The National Association of Home Builders (NAHB)/Wells Fargo Housing Market Index (HMI) ratcheted up another point this month continuing a steady rise in builder confidence in the new home market.  The composite HMI rose to 62, its highest reading since October 2005.

"The HMI shows that single-family housing is making solid progress, said NAHB Chairman Tom Woods.  "However, our members continue to tell us that they are concerned about the availability of lots and labor."

NAHB Chief Economist David Crowe. "NAHB is projecting about 1.1 million total housing starts this year. Today's report is consistent with our forecast, and barring any unexpected jolts, we expect housing to keep moving forward at a steady, modest rate through the end of the year."

NAHB constructs its HMI from a monthly survey of its member builders which it has conducted for the past 30 years.  The builders are asked for their perceptions of current single-family home sales as well as their expectations for those sales over the next six months as either "good," "fair," or "poor." Builders are also asked to rate current prospective buyer traffic as "high to very high," "average" or "low to very low." Scores for each component are then used to calculate a seasonally adjusted index where any number over 50 indicates that more builders view conditions as good than poor.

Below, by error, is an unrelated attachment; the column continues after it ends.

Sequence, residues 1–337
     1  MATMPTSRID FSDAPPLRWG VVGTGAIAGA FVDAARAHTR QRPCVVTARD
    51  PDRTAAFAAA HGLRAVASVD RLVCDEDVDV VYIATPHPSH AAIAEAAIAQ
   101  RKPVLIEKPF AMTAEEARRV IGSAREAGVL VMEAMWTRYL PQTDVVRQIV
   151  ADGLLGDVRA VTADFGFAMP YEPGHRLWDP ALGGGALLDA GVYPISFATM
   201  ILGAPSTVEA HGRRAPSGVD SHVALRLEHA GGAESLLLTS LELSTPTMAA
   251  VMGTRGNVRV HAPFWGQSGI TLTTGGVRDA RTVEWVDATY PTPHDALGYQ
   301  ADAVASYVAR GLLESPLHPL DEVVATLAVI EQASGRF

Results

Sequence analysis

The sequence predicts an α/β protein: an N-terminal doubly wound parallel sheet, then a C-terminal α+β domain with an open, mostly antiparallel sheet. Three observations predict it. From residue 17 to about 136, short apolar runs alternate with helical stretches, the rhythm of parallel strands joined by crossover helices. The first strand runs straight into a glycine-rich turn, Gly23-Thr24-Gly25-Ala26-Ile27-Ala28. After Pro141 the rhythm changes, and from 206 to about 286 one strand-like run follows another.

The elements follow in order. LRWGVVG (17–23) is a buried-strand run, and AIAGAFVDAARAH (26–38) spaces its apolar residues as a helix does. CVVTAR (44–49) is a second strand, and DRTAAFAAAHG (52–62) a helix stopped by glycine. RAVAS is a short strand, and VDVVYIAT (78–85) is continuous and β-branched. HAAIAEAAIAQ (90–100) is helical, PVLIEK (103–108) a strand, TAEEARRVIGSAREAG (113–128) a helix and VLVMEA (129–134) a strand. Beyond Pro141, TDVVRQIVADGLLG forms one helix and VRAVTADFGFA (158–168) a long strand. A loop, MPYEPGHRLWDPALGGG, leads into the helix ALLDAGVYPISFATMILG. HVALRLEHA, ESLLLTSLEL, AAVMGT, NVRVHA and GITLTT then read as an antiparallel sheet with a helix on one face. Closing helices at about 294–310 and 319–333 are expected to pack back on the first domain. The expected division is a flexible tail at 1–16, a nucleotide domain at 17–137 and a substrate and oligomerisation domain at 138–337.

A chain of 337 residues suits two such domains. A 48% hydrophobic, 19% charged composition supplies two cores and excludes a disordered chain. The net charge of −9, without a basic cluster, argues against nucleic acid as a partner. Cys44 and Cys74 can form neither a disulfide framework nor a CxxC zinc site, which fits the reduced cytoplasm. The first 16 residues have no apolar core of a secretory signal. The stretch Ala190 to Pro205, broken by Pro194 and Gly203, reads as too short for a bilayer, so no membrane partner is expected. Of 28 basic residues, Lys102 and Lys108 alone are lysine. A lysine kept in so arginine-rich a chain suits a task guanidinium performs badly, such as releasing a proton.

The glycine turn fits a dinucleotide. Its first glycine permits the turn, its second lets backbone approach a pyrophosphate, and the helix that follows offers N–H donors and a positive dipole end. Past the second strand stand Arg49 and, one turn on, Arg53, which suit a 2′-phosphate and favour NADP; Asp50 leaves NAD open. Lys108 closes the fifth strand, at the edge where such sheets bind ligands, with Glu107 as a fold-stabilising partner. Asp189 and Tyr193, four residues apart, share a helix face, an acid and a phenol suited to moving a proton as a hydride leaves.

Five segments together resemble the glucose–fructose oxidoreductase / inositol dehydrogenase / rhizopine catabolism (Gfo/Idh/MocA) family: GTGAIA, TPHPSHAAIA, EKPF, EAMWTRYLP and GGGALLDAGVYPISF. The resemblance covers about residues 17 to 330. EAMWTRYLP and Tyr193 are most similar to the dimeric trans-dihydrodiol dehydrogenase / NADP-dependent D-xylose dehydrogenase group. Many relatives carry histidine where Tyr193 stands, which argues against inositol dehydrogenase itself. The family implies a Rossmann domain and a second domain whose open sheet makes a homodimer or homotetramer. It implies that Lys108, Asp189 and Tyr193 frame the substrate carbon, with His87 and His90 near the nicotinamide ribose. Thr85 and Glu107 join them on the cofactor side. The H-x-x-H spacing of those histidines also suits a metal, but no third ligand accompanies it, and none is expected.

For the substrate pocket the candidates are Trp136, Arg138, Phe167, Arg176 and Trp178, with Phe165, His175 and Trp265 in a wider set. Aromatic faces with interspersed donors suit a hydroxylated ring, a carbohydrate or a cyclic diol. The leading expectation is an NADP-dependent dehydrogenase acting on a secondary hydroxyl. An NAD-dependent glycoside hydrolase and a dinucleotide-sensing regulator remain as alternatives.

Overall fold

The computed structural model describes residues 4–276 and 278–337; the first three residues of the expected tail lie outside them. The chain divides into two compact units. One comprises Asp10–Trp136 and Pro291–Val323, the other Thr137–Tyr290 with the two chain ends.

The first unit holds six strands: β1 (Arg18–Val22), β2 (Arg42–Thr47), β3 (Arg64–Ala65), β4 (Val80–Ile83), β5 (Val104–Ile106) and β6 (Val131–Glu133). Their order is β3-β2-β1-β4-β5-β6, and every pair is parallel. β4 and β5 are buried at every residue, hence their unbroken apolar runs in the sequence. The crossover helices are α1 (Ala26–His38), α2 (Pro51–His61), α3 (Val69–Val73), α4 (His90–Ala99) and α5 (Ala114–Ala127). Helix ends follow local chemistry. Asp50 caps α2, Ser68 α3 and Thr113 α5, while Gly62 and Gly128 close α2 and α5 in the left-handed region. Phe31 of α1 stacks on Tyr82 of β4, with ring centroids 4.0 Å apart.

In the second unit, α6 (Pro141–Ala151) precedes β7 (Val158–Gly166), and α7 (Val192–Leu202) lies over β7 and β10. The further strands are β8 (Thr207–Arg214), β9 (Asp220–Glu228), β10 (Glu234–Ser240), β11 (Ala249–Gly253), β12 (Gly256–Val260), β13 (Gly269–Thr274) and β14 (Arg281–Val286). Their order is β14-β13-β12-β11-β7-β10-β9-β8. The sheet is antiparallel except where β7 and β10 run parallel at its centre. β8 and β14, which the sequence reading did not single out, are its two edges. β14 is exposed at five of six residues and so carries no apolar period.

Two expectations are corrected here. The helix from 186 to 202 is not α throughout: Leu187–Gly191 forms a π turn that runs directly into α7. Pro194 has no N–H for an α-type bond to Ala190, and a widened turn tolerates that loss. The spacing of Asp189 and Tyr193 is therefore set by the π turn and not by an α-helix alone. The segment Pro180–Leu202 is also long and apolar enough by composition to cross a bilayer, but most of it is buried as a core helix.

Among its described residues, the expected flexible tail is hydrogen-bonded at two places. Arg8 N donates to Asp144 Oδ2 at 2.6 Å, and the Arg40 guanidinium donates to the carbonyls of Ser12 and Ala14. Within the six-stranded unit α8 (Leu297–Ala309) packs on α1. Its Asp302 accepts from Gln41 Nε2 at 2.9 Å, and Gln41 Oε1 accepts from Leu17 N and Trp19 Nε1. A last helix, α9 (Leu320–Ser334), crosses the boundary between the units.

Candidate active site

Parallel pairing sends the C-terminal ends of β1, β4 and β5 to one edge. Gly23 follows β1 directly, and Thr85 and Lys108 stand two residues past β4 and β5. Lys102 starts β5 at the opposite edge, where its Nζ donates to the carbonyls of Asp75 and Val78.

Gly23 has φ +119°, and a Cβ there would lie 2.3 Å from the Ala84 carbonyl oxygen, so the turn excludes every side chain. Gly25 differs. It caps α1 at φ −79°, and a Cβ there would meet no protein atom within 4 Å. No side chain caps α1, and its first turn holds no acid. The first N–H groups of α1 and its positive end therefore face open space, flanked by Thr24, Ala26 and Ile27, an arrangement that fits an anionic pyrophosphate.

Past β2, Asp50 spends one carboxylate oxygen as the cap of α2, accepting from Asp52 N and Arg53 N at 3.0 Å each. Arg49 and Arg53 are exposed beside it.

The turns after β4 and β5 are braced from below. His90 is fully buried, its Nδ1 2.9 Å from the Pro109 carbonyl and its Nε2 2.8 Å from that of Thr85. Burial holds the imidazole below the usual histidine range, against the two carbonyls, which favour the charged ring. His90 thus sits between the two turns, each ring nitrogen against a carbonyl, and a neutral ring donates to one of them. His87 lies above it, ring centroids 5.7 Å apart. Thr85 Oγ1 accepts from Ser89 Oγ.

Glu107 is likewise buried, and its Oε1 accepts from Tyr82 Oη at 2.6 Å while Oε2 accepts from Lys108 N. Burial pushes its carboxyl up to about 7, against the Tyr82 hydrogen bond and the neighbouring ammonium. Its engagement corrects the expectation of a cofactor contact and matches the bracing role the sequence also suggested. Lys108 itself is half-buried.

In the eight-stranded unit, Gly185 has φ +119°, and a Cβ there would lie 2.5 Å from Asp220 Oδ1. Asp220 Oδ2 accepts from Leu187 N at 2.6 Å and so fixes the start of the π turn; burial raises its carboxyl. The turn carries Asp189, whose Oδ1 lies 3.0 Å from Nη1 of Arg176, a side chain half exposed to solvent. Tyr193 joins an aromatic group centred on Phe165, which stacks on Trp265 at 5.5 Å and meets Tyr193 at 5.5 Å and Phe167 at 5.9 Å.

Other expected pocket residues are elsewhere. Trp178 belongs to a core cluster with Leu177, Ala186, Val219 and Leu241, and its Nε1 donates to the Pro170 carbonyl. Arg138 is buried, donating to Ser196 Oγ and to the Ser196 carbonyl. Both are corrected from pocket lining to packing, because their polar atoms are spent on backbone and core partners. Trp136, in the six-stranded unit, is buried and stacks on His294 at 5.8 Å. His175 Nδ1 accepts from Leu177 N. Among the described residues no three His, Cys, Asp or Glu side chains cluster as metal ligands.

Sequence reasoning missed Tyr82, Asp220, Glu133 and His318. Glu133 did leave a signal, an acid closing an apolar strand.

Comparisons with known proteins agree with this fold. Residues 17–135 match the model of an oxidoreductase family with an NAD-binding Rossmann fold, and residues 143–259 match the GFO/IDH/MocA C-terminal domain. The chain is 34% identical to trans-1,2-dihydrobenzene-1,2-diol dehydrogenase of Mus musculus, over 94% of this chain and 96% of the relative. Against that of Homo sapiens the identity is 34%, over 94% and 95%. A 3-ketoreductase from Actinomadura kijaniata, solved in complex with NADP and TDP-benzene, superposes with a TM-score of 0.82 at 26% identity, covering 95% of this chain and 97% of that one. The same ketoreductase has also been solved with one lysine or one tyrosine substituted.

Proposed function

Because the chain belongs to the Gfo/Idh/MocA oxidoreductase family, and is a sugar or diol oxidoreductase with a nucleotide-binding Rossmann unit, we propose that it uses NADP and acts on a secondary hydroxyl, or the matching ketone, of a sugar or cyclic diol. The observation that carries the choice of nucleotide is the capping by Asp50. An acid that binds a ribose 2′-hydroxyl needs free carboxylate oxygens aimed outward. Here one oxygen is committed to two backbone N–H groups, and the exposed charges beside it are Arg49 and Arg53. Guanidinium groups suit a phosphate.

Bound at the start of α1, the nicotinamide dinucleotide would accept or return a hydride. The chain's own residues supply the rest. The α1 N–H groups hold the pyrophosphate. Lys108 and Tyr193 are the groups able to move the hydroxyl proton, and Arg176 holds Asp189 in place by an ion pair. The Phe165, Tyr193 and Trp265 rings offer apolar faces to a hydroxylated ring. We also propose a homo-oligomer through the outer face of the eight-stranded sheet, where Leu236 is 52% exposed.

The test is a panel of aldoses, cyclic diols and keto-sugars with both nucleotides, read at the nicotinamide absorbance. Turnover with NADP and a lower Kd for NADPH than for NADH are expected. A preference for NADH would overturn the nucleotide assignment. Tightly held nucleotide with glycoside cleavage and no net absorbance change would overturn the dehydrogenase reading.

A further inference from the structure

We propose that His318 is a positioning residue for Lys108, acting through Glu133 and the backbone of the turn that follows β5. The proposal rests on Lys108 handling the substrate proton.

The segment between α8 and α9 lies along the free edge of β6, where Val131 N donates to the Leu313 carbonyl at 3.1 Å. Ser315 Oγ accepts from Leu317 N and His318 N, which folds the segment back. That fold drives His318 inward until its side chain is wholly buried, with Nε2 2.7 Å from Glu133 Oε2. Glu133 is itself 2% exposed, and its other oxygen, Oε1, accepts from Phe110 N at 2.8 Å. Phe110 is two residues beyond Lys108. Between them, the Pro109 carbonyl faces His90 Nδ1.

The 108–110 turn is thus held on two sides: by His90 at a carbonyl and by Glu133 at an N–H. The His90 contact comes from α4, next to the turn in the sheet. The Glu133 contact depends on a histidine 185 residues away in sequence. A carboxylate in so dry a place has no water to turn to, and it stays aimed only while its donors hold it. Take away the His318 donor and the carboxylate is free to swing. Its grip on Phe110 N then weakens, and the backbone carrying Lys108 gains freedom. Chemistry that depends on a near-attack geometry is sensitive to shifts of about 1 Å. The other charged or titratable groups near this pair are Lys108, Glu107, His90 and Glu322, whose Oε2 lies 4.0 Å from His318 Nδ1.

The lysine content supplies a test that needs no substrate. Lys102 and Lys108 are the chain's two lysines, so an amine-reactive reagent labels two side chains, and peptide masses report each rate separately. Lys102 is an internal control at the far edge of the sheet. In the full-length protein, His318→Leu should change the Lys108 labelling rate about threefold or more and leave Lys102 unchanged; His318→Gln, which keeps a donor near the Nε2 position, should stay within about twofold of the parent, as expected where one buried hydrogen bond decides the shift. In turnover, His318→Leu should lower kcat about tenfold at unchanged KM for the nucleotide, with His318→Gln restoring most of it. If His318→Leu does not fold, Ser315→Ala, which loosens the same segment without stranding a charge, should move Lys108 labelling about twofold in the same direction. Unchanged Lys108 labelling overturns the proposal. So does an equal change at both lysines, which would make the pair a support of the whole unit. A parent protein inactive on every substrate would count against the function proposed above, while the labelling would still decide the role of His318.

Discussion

The index measuring buyer traffic has lagged the other two indices for years but increased two points this month to 47, edging closer to the benchmark of 50 which it has not reached since October 2005.  The component gauging current sales conditions rose one point to 67, its highest level since November 2005. Meanwhile, the index charting sales expectations in the next six months dropped from 70 to 68.

Looking at the three-month moving averages for regional HMI scores, the West and Midwest each rose one point to 64 and 59, respectively. The South posted a one-point gain to 64 and the Northeast dropped one point to 46.